unctad.org | Governing body of UNCTAD addresses tackling inequality through trade and development
Governing body of UNCTAD addresses tackling inequality through trade and development
16 September 2014
UNCTAD Secretary-General Mukhisa Kituyi, speaking on the opening afternoon of the sixty-first session of the UNCTAD Trade and Development Board on 15 September said: "Today there truly is a broad realization by society as a whole that unsustainable economic practices leading to the over-accumulation of wealth are not only unfair, but can bring stagnation and conflict".

Dr. Kituyi was addressing global inequality and how it can be tackled by the global development agenda that will replace the Millennium Development Goals at the end of 2015.

"The current proposal for the sustainable development goals, which will soon be taken up by United Nations Members in New York, also reflect this realization with proposed Goal 10 on reducing inequality within and among countries by 2030," he said.

The Trade and Development Board – which oversees UNCTAD operations from year to year – opened its sixty-first session (15–26 September) with the election of Ambassador Ana Maria Menéndez Pérez of Spain as its new president.

The Board's deliberations included presentations by Rob Davies, Minister of Trade and Industry of South Africa, Giovanni Andrea Cornia of the University of Florence and Sangheon Lee, senior economist at the International Labour Organization.

Mr. Davies said that inequality between and within developed and developing countries could be tackled by restructuring global economic relationships to allow for active policies for inclusive growth on the part of developing countries in Africa and elsewhere.

Dr. Kituyi said: "The new global economy has brought with it both immense hopes but equally immense inequities. [In the last 50 years] we have seen promising declines in inequality between countries as some developing countries have experienced strong growth and have begun to close the gap between themselves and the richest countries. But compared to 50 years ago, today inequality within countries has risen in a startling number of countries – both rich and poor."

Earlier, Dr. Kituyi told the Trade and Development Board that he welcomed the fact that the emerging post-2015 agenda was likely to include trade as a means of achieving the sustainable development goals.

Dr. Kituyi emphasized that UNCTAD was as such well placed to make a contribution to the "ambitious and transformative" new agenda: "Our research can offer the facts needed to overcome differences, our consensus-building can facilitate dialogue and our technical cooperation can help us to work together to build capacities, particularly in support of the most vulnerable countries."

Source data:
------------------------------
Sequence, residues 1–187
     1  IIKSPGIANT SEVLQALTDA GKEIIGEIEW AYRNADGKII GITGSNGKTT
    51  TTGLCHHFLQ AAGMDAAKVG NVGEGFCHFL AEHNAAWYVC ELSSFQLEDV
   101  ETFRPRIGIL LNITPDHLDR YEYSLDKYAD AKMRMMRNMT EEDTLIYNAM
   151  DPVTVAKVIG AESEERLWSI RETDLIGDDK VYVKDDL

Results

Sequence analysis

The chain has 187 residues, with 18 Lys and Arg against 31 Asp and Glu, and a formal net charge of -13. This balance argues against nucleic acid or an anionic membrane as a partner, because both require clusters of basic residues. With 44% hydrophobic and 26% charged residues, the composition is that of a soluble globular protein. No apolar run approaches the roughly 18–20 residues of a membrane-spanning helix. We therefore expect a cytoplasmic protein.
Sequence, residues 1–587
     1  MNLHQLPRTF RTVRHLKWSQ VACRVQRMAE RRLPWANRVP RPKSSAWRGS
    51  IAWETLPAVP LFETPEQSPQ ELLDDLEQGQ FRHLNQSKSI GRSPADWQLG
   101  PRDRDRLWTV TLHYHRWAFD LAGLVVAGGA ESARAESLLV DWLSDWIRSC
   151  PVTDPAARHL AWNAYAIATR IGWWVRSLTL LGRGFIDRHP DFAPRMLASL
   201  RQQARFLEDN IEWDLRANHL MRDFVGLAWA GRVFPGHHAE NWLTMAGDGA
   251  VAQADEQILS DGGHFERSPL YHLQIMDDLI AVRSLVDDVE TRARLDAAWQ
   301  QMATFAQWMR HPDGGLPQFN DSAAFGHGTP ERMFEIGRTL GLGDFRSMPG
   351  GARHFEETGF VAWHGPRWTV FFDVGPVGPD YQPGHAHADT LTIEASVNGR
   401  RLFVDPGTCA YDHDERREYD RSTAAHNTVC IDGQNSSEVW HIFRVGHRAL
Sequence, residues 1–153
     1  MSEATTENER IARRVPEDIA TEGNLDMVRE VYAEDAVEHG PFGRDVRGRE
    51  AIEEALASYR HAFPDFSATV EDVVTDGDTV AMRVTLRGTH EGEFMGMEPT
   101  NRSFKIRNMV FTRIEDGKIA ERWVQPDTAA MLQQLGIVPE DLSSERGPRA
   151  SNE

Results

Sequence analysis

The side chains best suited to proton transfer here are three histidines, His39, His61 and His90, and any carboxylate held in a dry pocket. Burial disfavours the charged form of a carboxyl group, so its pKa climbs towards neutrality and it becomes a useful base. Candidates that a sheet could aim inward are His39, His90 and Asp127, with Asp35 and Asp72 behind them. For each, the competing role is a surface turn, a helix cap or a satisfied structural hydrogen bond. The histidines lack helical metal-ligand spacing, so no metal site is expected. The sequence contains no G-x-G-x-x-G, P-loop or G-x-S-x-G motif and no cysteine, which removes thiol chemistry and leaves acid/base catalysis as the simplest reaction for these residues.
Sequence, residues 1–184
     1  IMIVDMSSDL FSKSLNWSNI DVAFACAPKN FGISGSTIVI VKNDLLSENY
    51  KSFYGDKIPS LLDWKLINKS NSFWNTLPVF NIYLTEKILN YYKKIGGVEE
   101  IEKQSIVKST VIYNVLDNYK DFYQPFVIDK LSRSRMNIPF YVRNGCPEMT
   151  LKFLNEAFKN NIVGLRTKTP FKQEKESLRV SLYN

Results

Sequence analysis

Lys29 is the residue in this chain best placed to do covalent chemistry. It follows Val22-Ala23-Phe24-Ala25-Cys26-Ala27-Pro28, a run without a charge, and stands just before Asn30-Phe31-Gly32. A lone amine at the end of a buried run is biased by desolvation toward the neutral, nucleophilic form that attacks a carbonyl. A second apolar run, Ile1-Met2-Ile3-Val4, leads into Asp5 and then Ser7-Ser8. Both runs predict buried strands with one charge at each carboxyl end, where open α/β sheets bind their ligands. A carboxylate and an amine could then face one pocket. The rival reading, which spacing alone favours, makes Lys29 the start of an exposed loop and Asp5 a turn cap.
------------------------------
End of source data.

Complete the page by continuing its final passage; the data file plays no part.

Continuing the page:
This sixty-first session of the Trade and Development Board comes at the mid-point between UNCTAD's most recent ministerial conference in Doha in 2012 and its next, to be held in Lima in 2016. That meeting, noted Ms. Menéndez Pérez, will be among the first international gatherings after the planned adoption of the post-2015 development agenda.

It will be essential for UNCTAD to be "poised to act" on the new development agenda in Lima, Dr. Kituyi added. Toward this end, Dr. Kituyi outlined reforms he had taken in his first year in office to ensure that UNCTAD remains fit for purpose.

Additional topics to be debated at the Trade and Development Board session include economic interdependence, development strategies in a globalized world, investment for development, the evolution of the international trading system, economic development in Africa, efforts to help the least developed countries and UNCTAD assistance to the Palestinian people.

In handing over the gavel to Ms. Menéndez Pérez, the outgoing Trade and Development Board President, Ambassador Triyono Wibowo of Indonesia, said that his presidency had been "one of the most satisfying experiences" of his professional life. As well as paying tribute to the UNCTAD secretariat, Mr. Wibowo appealed for more active involvement by member States in the deliberations of UNCTAD, which, after all, represent the collective development aspirations of humanity.


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